Use mindfulness to pray, monitor internal dialogue, and find an internal place of peace and slowness during the chaos of the holiday season. With the support of a treatment team and friends and family, mindfulness can be an incredible skill to employ to make the holidays not only bearable, but joyful. Start practicing now, expect distractions, and be a mindful example to others so that the holidays become an opportunity to grow your recovery in a way that keeps you healthy and grounded for years to come.
Community Discussion – Share Your Thoughts Here!
What are ways that you can apply mindfulness in your recovery during the holiday season?
About the author: Kirsten Haglund continues to work as an advocate for greater awareness of eating disorders and resources for care. Since she won the crown of Miss America 2008, she has spoken on numerous college campuses, worked with youth and church groups domestically and abroad, lobbied Congress with the Eating Disorders Coalition, and started her own non-profit, the Kirsten Haglund Foundation, to raise funds and assist families financially in seeking treatment for eating disorders. She is also the Community Relations Specialist for Timberline Knolls Residential Treatment Center.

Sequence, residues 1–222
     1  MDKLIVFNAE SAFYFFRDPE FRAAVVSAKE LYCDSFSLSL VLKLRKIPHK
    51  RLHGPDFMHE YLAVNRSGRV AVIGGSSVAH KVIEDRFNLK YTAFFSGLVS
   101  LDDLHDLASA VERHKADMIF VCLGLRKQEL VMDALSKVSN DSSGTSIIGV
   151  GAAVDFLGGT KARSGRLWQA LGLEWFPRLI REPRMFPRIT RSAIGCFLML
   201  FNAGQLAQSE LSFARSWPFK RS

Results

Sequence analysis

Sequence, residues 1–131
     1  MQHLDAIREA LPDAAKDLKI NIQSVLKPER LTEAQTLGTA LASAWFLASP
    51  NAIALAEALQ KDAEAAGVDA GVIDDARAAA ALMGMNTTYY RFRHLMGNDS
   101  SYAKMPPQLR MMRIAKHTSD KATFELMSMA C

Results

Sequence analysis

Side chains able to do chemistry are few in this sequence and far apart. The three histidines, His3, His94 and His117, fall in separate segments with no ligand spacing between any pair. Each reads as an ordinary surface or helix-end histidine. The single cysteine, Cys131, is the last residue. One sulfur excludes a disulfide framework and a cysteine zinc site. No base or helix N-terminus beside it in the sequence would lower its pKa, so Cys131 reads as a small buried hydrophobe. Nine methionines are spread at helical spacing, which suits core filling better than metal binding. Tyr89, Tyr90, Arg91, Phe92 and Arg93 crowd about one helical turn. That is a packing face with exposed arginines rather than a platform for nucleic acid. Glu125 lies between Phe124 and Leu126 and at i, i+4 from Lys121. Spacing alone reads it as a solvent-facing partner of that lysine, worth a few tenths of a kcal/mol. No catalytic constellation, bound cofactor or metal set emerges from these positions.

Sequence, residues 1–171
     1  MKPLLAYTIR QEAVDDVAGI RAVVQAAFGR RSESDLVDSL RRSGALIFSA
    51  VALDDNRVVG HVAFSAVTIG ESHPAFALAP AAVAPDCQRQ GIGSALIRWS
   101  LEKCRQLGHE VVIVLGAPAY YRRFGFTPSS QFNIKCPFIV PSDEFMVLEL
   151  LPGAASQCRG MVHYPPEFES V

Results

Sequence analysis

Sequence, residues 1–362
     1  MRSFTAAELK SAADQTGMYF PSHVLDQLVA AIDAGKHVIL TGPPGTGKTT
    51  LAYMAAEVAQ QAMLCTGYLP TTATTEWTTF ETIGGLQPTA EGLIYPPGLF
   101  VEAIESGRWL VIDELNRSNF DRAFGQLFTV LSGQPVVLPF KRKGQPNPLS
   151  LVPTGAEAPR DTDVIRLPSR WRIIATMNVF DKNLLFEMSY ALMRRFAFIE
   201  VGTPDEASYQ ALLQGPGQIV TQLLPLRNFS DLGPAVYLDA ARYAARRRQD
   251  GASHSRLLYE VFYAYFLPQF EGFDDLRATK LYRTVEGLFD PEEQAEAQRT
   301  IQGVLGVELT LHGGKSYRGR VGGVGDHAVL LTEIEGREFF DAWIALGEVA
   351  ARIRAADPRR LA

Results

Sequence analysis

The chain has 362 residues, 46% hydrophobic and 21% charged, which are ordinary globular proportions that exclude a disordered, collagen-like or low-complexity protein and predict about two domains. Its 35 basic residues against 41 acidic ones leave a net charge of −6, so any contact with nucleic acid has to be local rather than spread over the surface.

The opinions and views of our guest contributors are shared to provide a broad perspective of eating disorders. These are not necessarily the views of Eating Disorder Hope, but an effort to offer discussion of various issues by different concerned individuals.
We at Eating Disorder Hope understand that eating disorders result from a combination of environmental and genetic factors. If you or a loved one are suffering from an eating disorder, please know that there is hope for you, and seek immediate professional help.
Last Updated & Reviewed By: Jacquelyn Ekern, MS, LPC on October 11, 2016
Published on EatingDisorderHope.com